Some in LGBT Community Afraid to Part Ways After Years of Fighting to Tie the Knot
Getting a divorce is never easy, but in the LGBT community, there is an added pressure to stay together. In NY1's latest Pride Week report, Ruschell Boone has more on why some people are afraid to part ways after years of fighting to tie the knot.
Richard Oceguera is about to start a new life in San Diego.
The business development coach was only planning to live in the city for two years when he moved here in 1998, but he met a man and fell in love and got married. They're no longer together, but their wedding made news in 2004.
"When it became legal to get married in Massachusetts, we ran over there and did that in Province Town," Oceguera says.
The couple was very vocal in the fight for marriage equality here in New York, which became a reality in 2011. But a year later, their union fell apart. They remain great friends, but the split was not well received by many in the community.
"I think there is a lot of pressure that now that we fought so hard to get same-sex marriage, how dare you get divorced. Who are you to do that and ruin it, right?" Oceguera says. "And we did deal a bit with that."
But not everyone can ignore the whispers and follow their heart. Damon Jacobs is a licensed marriage and family therapist. He says his clientele has increased significantly since same-sex marriage became legal in New York.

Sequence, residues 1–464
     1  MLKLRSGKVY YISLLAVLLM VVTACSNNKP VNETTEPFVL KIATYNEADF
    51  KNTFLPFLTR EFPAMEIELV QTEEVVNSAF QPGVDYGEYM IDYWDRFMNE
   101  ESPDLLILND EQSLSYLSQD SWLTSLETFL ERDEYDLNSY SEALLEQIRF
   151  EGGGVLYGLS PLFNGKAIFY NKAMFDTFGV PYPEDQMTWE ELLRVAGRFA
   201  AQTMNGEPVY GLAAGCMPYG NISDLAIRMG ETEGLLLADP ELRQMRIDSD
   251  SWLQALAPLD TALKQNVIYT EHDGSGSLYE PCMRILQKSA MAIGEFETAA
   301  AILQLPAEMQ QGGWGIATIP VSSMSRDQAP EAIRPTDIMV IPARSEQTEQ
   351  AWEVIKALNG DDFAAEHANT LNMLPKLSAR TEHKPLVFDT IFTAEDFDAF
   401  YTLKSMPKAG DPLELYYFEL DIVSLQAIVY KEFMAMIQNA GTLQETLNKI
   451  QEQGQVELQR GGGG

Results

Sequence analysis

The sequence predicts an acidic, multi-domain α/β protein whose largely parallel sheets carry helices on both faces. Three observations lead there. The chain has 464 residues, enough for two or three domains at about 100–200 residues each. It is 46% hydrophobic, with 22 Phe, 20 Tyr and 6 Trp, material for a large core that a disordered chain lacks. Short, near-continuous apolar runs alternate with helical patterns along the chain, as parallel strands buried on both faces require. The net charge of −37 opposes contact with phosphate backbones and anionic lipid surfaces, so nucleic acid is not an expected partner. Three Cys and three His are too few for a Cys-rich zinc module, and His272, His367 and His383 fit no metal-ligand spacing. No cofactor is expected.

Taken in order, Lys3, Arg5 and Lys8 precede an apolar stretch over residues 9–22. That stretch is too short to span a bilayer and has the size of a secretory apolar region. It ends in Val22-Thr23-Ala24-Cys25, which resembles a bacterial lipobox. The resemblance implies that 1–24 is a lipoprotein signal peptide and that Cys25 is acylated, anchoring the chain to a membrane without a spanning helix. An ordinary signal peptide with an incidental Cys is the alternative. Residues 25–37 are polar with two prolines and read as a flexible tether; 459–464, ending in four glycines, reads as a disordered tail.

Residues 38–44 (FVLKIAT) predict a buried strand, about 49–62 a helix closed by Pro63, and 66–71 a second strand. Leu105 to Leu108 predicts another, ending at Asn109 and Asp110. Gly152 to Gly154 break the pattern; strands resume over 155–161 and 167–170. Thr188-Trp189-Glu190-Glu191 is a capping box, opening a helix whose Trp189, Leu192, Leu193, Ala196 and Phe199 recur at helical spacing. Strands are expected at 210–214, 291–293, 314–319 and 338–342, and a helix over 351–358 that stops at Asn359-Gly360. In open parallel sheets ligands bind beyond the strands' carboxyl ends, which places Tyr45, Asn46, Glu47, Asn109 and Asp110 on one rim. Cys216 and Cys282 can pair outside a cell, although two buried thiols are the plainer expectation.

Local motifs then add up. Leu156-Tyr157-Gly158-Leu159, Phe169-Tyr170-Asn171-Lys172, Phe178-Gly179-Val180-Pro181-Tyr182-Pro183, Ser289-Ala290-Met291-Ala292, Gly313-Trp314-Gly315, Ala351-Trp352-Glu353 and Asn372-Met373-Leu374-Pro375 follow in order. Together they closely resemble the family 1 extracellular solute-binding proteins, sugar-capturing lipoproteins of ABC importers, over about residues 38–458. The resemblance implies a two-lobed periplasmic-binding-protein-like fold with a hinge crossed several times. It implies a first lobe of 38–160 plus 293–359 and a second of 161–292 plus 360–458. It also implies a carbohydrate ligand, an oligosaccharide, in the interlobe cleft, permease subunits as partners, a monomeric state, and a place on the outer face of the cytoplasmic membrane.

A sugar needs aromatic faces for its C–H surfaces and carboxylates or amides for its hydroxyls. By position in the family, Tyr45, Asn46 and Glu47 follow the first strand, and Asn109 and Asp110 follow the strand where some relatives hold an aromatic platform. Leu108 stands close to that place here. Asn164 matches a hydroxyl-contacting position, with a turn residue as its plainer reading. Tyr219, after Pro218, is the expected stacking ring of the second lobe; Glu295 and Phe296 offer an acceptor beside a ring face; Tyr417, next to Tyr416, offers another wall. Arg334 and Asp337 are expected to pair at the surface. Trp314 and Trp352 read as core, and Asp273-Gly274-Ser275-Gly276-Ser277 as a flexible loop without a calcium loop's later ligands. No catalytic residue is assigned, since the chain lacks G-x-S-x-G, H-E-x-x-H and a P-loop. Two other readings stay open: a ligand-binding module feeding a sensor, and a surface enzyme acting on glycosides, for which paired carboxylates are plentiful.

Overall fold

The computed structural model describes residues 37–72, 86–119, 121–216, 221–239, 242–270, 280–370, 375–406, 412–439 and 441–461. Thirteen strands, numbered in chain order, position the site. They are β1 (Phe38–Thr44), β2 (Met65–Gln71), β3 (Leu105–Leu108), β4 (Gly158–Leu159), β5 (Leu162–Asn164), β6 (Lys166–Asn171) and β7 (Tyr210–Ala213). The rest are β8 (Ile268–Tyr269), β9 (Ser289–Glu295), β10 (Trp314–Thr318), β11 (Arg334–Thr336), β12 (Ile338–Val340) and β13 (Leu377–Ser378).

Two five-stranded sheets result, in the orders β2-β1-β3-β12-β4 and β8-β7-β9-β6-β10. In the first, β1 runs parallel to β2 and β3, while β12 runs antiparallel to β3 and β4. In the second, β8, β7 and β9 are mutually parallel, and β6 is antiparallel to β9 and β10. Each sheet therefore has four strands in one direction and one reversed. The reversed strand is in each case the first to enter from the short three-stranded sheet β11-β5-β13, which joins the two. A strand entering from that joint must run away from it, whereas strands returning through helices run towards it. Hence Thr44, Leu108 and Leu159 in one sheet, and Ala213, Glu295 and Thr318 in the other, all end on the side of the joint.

"There is pressure on many gays and lesbians to be 'the good gay,'" Jacobs says. "To assimilate. To fit in. To set a good example. To be a good role model."
That pressure is creating serious conflicts in many relationships.
"If we could take out the stigma and the shame and the guilt, then we can start to go through the process of a divorce or a separation in a way that remains very respectful," Jacobs says.
But that process can often leave people feeling alienated.
"Marriage equality is still very new in some areas, and it still hasn't passed in other areas. So you don't really have this extended network of married friends the way a lot of our heterosexual counterparts do," Jacobs says.
Lucky for Oceguera, his friends and his ex were a great support system.
"We did have support, and we also had some people who were scratching their heads," he says.
He's now looking forward to a new life and maybe even getting married again in the future.